Ultimately, she said future wind towers would exist to generate electricity for people who don’t have to live with many of the local consequences.
“At some point, we have to stop sacrificing agricultural land for big-city living,” Harman said.
Local threats to clean energy
Washington County is one of many places where renewable energy development has met local opposition.
A 2021 survey from the Sabin Center for Climate Change Law at Columbia Law School, which develops legal strategies to support clean energy, found more than 100 examples of state and local policies to restrict new wind and solar projects across the country.
Michael Gerrard, the center’s founder and director, said local resistance to large renewable projects is understandable but risks blocking efforts to combat climate change. Gerrard said he was glad to see an opposite approach in New York, which recently passed a law to fast-track permits for renewable energy projects and preempt local opposition.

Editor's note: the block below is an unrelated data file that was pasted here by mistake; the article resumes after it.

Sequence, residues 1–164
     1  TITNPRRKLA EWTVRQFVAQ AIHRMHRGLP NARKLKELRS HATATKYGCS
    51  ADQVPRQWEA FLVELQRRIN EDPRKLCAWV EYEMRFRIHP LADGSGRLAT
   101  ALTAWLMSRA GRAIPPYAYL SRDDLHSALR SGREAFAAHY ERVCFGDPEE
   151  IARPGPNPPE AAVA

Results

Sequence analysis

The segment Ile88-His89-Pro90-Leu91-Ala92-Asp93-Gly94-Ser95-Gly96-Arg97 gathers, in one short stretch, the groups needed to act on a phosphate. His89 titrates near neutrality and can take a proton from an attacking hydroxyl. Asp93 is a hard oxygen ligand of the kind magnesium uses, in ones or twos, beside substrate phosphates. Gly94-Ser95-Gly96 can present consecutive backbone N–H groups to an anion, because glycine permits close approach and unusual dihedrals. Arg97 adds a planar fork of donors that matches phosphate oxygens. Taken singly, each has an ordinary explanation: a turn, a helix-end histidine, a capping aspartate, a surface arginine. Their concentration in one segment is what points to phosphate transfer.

“We’re going to need to see more of that if we’re really going to achieve our objectives in moving away from fossil fuels,” Gerrard said.
A similar effort could be a tough sell in Colorado, where “local control” is a go-to axiom for elected leaders across the political spectrum. The term generally refers to any effort to shift power to local governments. Many environmental groups adopted it as a rallying cry in a battle to reform Colorado’s oil and gas laws, arguing cities and counties should have more control over fossil fuel development. Gov. Jared Polis signed a law overhauling Colorado’s oil and gas permitting process in 2019.
Harman doesn’t see much difference between her activism against wind and solar in Washington County and someone fighting an oil and gas well in a Denver suburb. When it comes to approving new industrial land in any community, she said strong local regulations will help ensure people are “good neighbors.”